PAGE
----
New York removes homeless men from hotel on Manhattan’s posh Upper West side
Liberals are slamming New York City Mayor Bill de Blasio for a decision to remove homeless men from a West Side hotel amid the posh addresses of Manhattan’s elite, while a lawyer who represents the neighborhood says he’s thankful the city listened to their pleas to get the homeless men out of the hotel.
“We’ve always been clear that these were temporary arrangements and that our first priority is ensuring people experiencing homelessness are getting the services they need,” said Avery Cohen, a spokeswoman for Mayor Bill de Blasio according to the New York Post about the decision to remove the homeless men.
But uber-liberals from special interest groups in New York have promised to fight the mayor’s decision to remove the homeless men from the Upper West Side hotels.
“The fight over homelessness on the Upper West Side feels far from over,” says Miriam Elder, a reporter at the Guardian. “At a press conference with local politicians and organizers, a Legal Aid rep said they would sue if the city moved people out before it was safe.”
Residents of the neighborhood have complained that men from the hotel were taking drugs in the neighborhood, accosting people for money and drugs, urinating in public and even suffering from overdoses on the street says the Post.
And that didn’t include the complaints about the pedophiles that the city dropped off at the hotels.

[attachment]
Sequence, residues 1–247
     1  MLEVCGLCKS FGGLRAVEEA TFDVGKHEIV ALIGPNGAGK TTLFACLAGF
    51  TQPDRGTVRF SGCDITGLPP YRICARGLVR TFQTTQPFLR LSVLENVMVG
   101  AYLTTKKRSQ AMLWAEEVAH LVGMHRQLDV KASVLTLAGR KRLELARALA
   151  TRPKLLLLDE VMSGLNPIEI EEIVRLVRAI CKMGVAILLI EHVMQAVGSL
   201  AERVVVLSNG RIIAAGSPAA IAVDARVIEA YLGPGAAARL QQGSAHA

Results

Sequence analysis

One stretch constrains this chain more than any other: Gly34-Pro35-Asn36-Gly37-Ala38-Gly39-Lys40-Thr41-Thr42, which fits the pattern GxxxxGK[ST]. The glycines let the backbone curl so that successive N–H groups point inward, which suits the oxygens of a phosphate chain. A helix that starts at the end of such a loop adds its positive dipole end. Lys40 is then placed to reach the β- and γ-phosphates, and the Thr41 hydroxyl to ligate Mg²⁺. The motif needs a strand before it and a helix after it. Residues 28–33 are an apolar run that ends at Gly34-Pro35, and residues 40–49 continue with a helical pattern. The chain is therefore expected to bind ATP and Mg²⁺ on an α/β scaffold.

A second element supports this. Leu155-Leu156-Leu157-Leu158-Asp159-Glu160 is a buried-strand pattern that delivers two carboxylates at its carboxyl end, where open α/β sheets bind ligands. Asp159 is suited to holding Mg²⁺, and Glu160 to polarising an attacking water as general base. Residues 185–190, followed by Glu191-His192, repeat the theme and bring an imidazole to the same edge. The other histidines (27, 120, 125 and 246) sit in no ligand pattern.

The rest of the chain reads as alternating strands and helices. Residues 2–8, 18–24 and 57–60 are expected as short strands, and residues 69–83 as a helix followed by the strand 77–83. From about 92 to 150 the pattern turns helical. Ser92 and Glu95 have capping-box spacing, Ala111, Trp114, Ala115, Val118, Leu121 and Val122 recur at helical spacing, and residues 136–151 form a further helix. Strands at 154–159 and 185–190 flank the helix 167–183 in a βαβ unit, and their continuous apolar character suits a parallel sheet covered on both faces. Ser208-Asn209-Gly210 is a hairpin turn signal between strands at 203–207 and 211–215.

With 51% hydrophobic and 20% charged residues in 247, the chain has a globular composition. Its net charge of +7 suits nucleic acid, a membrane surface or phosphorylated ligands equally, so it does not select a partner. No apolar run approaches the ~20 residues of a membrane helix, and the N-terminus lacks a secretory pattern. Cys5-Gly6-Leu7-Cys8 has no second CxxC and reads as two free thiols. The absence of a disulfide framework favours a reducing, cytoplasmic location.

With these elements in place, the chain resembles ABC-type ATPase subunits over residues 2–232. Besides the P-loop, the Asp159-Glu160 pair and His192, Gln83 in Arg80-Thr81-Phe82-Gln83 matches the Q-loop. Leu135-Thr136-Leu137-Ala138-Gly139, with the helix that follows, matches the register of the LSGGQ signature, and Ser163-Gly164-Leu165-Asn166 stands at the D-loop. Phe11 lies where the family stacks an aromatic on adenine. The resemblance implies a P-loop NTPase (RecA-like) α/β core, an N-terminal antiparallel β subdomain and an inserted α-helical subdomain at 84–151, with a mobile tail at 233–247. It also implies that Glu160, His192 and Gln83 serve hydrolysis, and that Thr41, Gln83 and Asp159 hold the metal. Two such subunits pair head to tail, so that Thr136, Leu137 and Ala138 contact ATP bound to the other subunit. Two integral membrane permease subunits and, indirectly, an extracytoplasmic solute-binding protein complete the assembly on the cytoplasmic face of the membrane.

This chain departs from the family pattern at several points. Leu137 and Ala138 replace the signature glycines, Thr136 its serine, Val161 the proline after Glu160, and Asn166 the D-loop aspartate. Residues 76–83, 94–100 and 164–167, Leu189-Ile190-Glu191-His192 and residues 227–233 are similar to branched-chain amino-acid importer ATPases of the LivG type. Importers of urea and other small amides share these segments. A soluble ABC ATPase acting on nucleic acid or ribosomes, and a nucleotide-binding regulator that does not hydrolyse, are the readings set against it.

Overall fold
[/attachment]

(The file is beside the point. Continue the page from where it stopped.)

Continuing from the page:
“The city dumped at least six homeless pedophiles, all still on parole, at a luxury Upper West Side hotel just a block from an elementary-school playground — an apparent violation of state law, online records show,” reported the Post last month.
“Look, we’re a progressive-minded community, and we tend to be sympathetic to the homeless,’’ a neighborhood mom at the time.
“But with sex offenders, draw the line.”
The decision to put the men into the hotel was taken at the height of New York city’s COVID-19 epidemic that saw New York City open its prisons, releasing even hardened criminal sex offenders.
“We appreciate that the City — at our urging — will be immediately taking concrete steps to address the chaos that reached a crisis point over the past several weeks when the City relocated hundreds of homeless individuals into the Lucerne Hotel, many of whom suffered from mental illness, addiction and other serious problems,” said a lawyer for one group of neighbors, Randy Mastro, according to the Post.
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